http://www.nationalautismresources.com/smart-mom-teething-bling-pendant.html

    This is a pretty gender neutral necklace made from non toxic materials specifically for older kids chewing.....as with any of them if they are super aggressive biters it may not work.


    HEY found non toxic chewables like Q uses, they also have a few other ideas, not sure for a boy at your son's level for some though...http://www.got-autism.com/ADD-ADHD/Oral-Sensory-Chew-Tools/cHu-buDDy-Chewable-Bracelet.html

    necklace size: http://www.got-autism.com/ADD-ADHD/Oral-Sensory-Chew-Tools/cHu-buDDy-Chewable-Bracelet.html

    http://www.autismshop.com/chewables-sensory-items/chewnoodle-blue-bumpy.html key chain chewie...looks just like a stick same one maybe stronger??? http://www.got-autism.com/Oral-Motor/Super-Chewnoodle.html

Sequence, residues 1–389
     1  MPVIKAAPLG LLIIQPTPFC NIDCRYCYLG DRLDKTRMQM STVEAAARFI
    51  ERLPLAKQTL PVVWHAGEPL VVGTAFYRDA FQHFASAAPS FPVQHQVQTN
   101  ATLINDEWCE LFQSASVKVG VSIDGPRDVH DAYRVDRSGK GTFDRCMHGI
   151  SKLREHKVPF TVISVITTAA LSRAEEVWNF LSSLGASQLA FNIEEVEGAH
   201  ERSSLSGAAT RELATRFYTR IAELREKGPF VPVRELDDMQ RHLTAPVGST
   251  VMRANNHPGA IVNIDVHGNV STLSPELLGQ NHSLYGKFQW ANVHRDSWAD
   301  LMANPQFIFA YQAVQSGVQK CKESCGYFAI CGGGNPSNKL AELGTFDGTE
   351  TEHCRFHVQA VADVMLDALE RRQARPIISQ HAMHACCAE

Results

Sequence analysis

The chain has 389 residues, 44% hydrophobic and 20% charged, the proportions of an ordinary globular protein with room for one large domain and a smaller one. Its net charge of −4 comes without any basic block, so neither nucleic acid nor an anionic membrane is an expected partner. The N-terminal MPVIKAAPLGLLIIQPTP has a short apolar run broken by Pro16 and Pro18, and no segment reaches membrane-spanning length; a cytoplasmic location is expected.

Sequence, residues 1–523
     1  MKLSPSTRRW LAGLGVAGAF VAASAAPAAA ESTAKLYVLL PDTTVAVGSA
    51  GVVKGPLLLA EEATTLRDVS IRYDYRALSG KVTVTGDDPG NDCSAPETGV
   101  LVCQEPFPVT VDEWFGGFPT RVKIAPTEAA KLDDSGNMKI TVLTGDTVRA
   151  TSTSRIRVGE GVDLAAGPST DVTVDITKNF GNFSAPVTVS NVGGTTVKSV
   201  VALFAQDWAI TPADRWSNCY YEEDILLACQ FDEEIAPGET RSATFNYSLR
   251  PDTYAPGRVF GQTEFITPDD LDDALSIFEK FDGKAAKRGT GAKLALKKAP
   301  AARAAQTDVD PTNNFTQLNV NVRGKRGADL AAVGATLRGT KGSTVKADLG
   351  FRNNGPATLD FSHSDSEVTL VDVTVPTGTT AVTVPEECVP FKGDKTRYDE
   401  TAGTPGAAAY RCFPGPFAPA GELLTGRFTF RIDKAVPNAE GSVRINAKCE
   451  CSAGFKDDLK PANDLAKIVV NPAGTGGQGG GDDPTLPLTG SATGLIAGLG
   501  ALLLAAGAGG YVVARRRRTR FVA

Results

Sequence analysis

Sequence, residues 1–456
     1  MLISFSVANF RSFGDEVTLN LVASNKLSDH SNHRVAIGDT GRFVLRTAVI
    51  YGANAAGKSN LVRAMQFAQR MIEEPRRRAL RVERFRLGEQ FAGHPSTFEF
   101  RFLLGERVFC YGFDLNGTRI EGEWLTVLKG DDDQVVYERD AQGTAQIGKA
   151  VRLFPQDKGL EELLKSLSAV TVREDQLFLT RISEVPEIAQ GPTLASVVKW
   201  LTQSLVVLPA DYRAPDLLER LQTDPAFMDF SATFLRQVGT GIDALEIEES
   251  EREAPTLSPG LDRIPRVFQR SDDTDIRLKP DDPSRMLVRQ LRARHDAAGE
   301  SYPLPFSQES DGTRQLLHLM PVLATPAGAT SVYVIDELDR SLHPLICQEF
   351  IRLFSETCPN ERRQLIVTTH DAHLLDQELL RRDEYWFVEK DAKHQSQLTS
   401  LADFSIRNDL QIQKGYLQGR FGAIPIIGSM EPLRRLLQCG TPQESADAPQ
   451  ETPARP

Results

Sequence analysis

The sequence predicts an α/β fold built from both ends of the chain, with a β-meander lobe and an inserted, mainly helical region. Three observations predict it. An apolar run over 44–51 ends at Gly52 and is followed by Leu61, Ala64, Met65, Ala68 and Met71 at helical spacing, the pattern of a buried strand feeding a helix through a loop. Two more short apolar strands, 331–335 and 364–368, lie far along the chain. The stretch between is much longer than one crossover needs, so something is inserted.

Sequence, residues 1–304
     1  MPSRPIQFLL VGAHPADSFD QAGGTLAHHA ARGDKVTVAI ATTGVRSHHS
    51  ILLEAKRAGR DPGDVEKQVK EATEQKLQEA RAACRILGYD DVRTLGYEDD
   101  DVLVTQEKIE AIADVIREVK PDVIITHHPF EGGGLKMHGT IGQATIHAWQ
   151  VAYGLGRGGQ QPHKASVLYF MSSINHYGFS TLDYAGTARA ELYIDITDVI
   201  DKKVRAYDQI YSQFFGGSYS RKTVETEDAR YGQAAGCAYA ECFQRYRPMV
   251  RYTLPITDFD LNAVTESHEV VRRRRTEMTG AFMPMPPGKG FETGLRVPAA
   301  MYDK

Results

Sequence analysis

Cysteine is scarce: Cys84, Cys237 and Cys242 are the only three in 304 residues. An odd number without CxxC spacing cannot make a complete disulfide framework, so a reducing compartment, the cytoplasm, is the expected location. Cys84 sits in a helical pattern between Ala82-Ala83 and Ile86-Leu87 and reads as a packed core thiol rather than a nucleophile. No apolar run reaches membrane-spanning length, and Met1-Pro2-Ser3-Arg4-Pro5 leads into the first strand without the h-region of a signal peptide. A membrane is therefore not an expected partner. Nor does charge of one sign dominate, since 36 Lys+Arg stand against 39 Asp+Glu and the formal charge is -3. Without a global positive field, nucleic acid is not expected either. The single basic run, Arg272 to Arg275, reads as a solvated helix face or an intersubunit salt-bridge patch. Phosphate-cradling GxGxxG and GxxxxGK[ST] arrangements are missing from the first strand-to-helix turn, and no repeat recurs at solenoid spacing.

Once you know what you want to try can look at cheaper sites like amazon etc. but none would break the bank anyway.
     
  14. DammitJanet

    DammitJanet Well-Known Member Staff Member

    Star...this kids group of people around him are mostly accepting of him anyway. Or they are being taught to be.
     
  15. SuZir

    SuZir Well-Known Member

    Buddy: Thank you! Those were good links. At least I found a chew toy to my own pencil and some will likely work for difficult child too. In the end it just has to be something not sticking to an eye too much when he is not chewing it and still easy to keep with him.